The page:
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One corner turned, a school nears another

As president exits, college thinks big

The average local may know a thing or two about Simmons College.

They may speak of librarians, social workers, nurses, and women. The well-informed may know that Simmons is soon to become the only all-women's undergraduate institution in Boston/Cambridge. (Lesley College goes coed this fall.) Art lovers may even know exactly where Simmons is: next to the Isabella Stewart Gardner Museum on the Fenway, just around the corner from the MFA.

If they do, they know more than Simmons president Dan Cheever did when he took the job 10 years ago.

"I didn't know where Simmons was," when he took over, concedes Cheever , though he had a general idea. What's more, he says, "I wasn't really interested" in the job. After talking with members of Simmons' board, he reconsidered. Cheever, who recently announced that he will step down next year, loves a challenge. And Simmons College in 1995 was a bona fide mess.

Incorporated in 1899 by the estate of clothing magnate John Simmons to train women to "acquire an independent livelihood," the college prospered during much of the 20th century, adding four coed graduate schools and a women's-only management school. By the early 1990s, however, Simmons appeared in danger of going under.

President William Holmes stepped down in 1993 several months after a faculty vote of no confidence. His replacement, Jean Dowdall, was the first female president of the college, and the second successive leader to receive a no-confidence vote from the faculty, in this case in reference to a strategic plan. She resigned in May of 1995.

Enter Cheever, who set about to gather accurate data. Cold and hard facts they were. Undergraduate enrollment had plummeted. The operating budget had been in the red for seven years. Salaries were frozen. As Cheever crunched numbers and shook hands, his challenge was revealed, but so was Simmons's potential. "I did realize . . . that things were in pretty dire shape," he says. "I also realized that there were a lot of good people here."

It was men who presented an obstacle. Not the men at Simmons, but the men who weren't. Some faculty members thought the undergraduate school should welcome men. Professor Raquel Halty, now director of the graduate program in Spanish, was a tentative member of the coed camp.

"Some people think that not being coed nowadays is an anachronism," she says. Others believed adding men and their tuition would ensure Simmons's future.

Cheever believed the school didn't need to abandon its historical commitment to women to succeed, even at a time when women's colleges across the country had become coeducational of perceived necessity. So confident was he that the current strategic plan has as its first goal "to position Simmons as an authority on women."

In addition to numbers and gender, Cheever believes Simmons's psyche needed immediate attention. "There wasn't self-confidence and self-pride," he says. "I think the first and most important thing is you try to be the kind of person you want everyone else to be, to model behavior. . . . Treat each other with respect, buck each other up, and support each other."

Though it all sounds like what Cheever calls "very sort of cotton candy," employees responded (and today use cotton candy terms such as "empowering" and "affirming" when talking about Cheever). Cheever's spiritual buoying was backed up by hard-nosed action. Stellar faculty members were encouraged to innovate, and less-than-satisfactory faculty members were shown the door. Marketing became key, from hiring new staff to placing flags in front of the college so Bostonians would finally know where Simmons was. The college brought student loans in-house, a controversial move that brings the college nearly $1 million a year in related fees.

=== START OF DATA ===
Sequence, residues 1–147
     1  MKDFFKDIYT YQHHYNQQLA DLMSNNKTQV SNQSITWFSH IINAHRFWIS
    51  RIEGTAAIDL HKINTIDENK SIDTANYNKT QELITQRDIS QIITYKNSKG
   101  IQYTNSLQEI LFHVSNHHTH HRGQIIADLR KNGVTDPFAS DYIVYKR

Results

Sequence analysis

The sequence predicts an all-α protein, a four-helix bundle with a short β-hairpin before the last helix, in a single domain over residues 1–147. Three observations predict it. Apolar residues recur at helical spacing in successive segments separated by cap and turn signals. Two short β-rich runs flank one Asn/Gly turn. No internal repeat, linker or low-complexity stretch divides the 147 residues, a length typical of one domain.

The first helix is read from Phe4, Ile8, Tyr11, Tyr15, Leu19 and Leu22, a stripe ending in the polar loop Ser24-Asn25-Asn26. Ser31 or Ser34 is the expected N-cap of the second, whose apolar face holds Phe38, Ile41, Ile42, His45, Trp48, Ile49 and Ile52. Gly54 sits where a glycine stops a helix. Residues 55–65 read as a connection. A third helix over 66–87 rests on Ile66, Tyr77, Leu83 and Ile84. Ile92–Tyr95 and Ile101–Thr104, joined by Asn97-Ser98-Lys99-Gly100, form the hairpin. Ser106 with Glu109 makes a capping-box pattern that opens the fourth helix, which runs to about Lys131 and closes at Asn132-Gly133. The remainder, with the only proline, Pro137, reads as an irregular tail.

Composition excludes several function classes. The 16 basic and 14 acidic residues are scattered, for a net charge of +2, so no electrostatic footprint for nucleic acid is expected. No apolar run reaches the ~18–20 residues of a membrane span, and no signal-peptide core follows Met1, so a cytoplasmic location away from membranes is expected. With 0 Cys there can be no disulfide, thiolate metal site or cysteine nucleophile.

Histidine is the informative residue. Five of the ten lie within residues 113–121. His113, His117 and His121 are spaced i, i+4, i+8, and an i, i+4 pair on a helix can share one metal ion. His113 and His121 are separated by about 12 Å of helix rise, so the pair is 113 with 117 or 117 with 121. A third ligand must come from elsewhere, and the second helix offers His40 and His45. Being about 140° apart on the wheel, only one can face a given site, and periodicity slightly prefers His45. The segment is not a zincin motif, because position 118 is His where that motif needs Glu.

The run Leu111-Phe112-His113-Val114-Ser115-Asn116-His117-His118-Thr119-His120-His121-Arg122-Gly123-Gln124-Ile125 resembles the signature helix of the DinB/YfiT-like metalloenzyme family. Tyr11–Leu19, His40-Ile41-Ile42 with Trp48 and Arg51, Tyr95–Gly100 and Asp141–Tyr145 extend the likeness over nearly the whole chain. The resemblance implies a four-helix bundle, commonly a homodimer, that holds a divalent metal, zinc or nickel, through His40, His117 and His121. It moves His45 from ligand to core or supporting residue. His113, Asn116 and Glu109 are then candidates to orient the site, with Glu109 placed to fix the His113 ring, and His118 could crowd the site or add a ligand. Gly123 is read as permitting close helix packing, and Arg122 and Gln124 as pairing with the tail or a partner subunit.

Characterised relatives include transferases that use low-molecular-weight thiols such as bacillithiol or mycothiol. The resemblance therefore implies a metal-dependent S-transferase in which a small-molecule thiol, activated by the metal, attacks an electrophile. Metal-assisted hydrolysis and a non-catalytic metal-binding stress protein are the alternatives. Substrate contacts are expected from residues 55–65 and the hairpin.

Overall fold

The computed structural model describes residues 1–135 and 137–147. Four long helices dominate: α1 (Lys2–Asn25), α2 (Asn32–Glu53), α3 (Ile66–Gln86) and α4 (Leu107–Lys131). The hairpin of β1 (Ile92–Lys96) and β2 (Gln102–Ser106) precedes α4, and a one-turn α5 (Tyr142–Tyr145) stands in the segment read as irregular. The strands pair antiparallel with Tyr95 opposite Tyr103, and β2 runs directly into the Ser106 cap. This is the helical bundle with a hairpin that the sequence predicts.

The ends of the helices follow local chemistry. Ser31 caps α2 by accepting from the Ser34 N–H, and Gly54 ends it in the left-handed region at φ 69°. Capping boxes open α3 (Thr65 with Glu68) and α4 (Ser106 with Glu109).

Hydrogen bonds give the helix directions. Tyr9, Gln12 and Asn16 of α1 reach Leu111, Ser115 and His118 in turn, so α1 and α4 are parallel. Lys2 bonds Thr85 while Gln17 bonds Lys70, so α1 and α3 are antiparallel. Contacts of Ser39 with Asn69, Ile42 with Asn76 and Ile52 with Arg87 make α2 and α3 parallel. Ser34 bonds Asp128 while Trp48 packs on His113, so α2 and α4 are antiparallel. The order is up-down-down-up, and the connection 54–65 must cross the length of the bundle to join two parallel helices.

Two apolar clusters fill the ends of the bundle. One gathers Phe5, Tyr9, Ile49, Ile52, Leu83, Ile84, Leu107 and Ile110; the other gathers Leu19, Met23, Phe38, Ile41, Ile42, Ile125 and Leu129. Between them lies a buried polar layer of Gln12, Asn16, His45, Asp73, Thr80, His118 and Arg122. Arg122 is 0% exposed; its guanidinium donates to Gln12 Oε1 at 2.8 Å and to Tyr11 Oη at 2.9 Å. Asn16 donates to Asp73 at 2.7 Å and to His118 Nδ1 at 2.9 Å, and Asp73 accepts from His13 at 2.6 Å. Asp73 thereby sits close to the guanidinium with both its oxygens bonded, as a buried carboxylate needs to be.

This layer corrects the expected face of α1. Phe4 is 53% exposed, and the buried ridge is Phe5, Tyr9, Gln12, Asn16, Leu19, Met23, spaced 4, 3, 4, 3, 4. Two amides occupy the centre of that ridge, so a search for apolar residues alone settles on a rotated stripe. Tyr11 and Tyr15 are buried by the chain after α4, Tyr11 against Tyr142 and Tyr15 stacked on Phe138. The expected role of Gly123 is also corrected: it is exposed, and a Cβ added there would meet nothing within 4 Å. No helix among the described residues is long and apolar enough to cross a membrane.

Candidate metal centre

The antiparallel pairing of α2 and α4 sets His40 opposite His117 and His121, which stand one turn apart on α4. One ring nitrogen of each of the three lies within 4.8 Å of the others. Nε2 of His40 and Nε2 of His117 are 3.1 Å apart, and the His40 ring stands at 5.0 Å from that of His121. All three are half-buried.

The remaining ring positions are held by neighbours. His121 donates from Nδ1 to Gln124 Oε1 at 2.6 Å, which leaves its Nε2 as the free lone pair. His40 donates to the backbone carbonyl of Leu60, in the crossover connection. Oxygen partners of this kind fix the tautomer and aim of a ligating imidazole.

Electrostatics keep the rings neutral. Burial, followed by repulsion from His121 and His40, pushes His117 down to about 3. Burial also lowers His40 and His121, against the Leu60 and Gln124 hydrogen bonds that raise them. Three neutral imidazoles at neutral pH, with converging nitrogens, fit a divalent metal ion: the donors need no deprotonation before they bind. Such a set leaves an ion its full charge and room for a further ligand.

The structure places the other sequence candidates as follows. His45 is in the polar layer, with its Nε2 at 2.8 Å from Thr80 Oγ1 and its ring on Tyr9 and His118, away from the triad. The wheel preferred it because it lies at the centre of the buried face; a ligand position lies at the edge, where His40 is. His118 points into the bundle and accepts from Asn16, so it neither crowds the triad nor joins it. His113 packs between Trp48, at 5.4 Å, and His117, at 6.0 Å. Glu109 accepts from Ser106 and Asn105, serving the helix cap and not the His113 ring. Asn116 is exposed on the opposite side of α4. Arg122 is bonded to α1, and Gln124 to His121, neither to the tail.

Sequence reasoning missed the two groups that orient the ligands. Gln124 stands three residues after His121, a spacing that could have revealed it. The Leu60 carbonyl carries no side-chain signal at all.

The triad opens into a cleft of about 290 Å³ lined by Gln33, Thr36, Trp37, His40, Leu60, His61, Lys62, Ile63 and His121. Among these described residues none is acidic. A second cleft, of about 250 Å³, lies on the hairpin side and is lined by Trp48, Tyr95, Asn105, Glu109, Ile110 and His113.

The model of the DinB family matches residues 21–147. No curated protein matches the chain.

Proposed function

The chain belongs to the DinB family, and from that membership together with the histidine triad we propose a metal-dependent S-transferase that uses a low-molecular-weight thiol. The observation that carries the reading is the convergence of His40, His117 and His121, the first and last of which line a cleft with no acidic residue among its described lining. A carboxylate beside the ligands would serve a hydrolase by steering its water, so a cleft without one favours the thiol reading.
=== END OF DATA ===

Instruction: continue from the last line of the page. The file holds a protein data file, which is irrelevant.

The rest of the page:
As Cheever steps down, enrollments have risen 42 percent since 1998. SAT scores are at a 30-year high (average 1109 in 2004). Salaries are in the top 15 percent for comparable schools, according to the college. Simmons operates in the black. New buildings are rising. And a lot more people have heard of Simmons.

The college has earned a spot on U.S. News & World Report's much-ballyhooed list, where it tied with Connecticut's Quinnipiac University as one of the best master's level universities in the north. Senior Colleen Teixeira says in addition to Simmons, she applied to Smith and Mount Holyoke, two schools with longtime cache. She ended up at Simmons, her second choice.

Perhaps the most notable sign of the school's turnaround is that students who apply to Simmons are also applying to the Smiths, the Mount Holyokes, and other institutions Cheever cites as peers. "Students admitted to Simmons who don't come here tend to go to BC and Northeastern and BU," he says. He hopes his successor honks the Simmons horn even more loudly than he has. "I think the challenge for the next president will be to help the rest of the world recognize Simmons for what it is, which really is a small university and a wonderful place."

Snippets about Simmons

  • More than 50 percent of Simmons undergraduate women major in science or health science. "Take that, Larry Summers," says President Dan Cheever.

  • Simmons is home to the only business school in the world designed for women, school officials say.

  • Simmons is hosting two Afghan women on full scholarship, the first college in the state and the only women's college in the country participating in the Rhode Island-based Initiative to Educate Afghan Women.

  • Approximately one-fifth of Simmons's undergraduate students are Dix Scholars, women beginning their Simmons careers at age 24 or older.


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